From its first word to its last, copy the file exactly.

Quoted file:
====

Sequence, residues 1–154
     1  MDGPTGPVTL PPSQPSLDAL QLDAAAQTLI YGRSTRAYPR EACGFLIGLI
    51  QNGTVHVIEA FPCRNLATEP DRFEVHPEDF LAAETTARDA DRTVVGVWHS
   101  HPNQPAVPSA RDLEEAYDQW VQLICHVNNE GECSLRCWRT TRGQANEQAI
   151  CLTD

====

Sequence, residues 1–154
     1  MDGPTGPVTL PPSQPSLDAL QLDAAAQTLI YGRSTRAYPR EACGFLIGLI
    51  QNGTVHVIEA FPCRNLATEP DRFEVHPEDF LAAETTARDA DRTVVGVWHS
   101  HPNQPAVPSA RDLEEAYDQW VQLICHVNNE GECSLRCWRT TRGQANEQAI
   151  CLTD